Presbyopia - the Aging Eye

Presbyopia - a definition

Presbyopia is a visual condition that most of us will eventually experience. The term is derived from the Greek word presbys, which means old man. This is an apt name, as the condition appears - like grey hair and wrinkles - as part of the aging process.

Those with presbyopia experience a diminished ability to focus on near objects. A progressive condition, presbyopia generally gets worse with age, even if you've never had vision problems like nearsightedness or farsightedness.

What causes presbyopia?

There are a number of possible causes of presbyopia, and while the exact mechanisms of the condition are not fully understood, most experts agree that the problem is caused by a loss of elasticity of the crystalline lens - this occurs as a person ages. Research also suggests that presbyopia may be caused by a change in the lens's curvature. And since the lens continues to grow throughout a person's life, it's thought that the combination of the lens's large size in later life, coupled with the loss of strength in the small muscles in the eye - called the ciliary muscle - could be another factor leading to presbyopia. Whatever the exact cause of presbyopia, those with the condition will experience eyestrain, as well as difficulty seeing small objects in dim light. These symptoms usually begin between the ages of 40 and 50 and one of the first signs that people notice is trouble focusing on printed words in books, menus and magazines.

Presbyopia treatment options

If you think you might have presbyopia, the first step towards getting treatment is to have a thorough eye examination.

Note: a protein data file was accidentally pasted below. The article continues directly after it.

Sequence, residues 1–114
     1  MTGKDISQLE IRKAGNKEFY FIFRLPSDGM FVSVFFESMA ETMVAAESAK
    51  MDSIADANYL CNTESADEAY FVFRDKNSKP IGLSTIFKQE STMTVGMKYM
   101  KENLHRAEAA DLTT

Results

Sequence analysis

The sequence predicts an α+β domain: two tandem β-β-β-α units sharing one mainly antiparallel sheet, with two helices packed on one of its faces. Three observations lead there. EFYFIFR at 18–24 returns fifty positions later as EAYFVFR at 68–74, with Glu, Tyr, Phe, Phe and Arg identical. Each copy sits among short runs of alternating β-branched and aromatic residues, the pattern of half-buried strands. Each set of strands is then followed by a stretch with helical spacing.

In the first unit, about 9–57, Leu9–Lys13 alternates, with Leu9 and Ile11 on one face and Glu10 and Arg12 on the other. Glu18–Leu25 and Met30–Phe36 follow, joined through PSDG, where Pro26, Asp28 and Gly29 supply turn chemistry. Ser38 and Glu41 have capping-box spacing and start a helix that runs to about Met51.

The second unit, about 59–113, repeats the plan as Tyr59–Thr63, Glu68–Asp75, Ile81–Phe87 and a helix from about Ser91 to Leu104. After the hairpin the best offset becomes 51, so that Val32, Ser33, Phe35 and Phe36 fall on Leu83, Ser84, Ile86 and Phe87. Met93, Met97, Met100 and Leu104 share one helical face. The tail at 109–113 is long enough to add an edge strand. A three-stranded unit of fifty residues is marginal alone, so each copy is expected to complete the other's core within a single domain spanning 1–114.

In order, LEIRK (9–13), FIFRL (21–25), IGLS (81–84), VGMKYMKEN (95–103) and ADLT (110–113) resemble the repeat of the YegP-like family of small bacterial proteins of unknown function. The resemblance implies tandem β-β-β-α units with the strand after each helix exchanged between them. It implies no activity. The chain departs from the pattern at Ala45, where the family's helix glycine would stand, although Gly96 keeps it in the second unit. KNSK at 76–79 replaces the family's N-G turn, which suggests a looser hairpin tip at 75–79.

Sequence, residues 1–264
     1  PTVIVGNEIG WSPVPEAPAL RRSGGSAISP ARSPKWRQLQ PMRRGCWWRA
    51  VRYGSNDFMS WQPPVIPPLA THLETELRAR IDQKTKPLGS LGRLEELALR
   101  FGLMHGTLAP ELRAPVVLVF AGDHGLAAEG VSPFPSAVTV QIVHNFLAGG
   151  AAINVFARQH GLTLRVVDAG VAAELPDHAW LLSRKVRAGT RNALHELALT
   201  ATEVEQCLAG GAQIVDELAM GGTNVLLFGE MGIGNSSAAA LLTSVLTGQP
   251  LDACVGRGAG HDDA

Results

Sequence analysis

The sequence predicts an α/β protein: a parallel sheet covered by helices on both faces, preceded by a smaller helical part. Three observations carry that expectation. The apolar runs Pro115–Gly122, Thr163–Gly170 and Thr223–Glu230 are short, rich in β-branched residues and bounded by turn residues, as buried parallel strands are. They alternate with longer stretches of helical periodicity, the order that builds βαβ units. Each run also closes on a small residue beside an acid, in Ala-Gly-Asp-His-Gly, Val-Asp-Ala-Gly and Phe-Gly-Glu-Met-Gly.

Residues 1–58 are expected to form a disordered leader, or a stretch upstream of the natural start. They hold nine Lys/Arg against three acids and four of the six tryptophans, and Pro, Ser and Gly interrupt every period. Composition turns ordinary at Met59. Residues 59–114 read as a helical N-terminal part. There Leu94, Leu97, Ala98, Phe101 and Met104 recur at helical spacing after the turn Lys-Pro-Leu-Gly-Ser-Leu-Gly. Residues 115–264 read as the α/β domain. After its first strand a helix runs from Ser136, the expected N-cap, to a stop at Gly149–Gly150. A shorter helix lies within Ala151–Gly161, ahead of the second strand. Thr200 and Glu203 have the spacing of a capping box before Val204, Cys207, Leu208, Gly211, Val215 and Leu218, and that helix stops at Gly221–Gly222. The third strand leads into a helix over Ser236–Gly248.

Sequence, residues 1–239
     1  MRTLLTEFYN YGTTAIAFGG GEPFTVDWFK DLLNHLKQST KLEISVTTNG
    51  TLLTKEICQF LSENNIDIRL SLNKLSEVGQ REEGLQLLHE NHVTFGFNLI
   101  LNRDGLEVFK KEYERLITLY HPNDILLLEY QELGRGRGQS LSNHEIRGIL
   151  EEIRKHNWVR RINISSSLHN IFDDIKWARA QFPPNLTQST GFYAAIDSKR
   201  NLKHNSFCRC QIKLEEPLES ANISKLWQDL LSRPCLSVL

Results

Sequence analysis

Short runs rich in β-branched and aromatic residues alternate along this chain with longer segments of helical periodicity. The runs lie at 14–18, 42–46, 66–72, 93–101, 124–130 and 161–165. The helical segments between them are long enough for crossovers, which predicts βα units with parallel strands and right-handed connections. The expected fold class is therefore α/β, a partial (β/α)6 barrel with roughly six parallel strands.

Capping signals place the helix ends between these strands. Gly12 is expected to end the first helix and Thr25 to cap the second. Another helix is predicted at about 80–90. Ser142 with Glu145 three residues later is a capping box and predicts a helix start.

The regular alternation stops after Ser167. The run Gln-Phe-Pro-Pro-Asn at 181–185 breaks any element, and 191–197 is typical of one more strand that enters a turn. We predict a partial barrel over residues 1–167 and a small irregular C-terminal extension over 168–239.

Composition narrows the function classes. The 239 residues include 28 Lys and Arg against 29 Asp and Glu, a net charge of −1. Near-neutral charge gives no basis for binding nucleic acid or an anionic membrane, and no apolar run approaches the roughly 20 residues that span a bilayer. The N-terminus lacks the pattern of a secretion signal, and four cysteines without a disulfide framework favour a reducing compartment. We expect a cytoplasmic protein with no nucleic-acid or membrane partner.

Once presbyopia has been diagnosed, the eye care professional will likely ask questions about your lifestyle to help decide which treatment option is the best one for your situation.

In most cases, prescription eye glasses or contact lenses will both be suitable treatments. Bifocal and varifocal contact lenses are all available, which provide the same effect as spectacles, but are often easier options, with the added benefit that they don't alter your appearance.

It's important to remember to get your eyes checked on a regular basis, even after presbyopia has been diagnosed. Because the condition slowly gets worse, these examinations will allow you to monitor any visual deterioration and alter the prescription as necessary.

Depending on your age and other circumstances, you may be eligible for free eye examinations from the NHS.

Correct presbyopia with a new pair of contact lenses

If you have any questions about your vision or the options available for treating presbyopia, the best thing to do is get in touch with your eye care practitioner. They will be able to provide accurate advice customised to your specific requirements. 

Once you're ready to purchase contact lenses to correct your presbyopia, is the perfect choice. Often we can supply exactly the same varifocal or bifocal contact lenses as your Optician, but much cheaper. We can also help you keep up to date with the latest contact lenses news, enabling you to learn all about the most recent discoveries in correcting vision problems like presbyopia.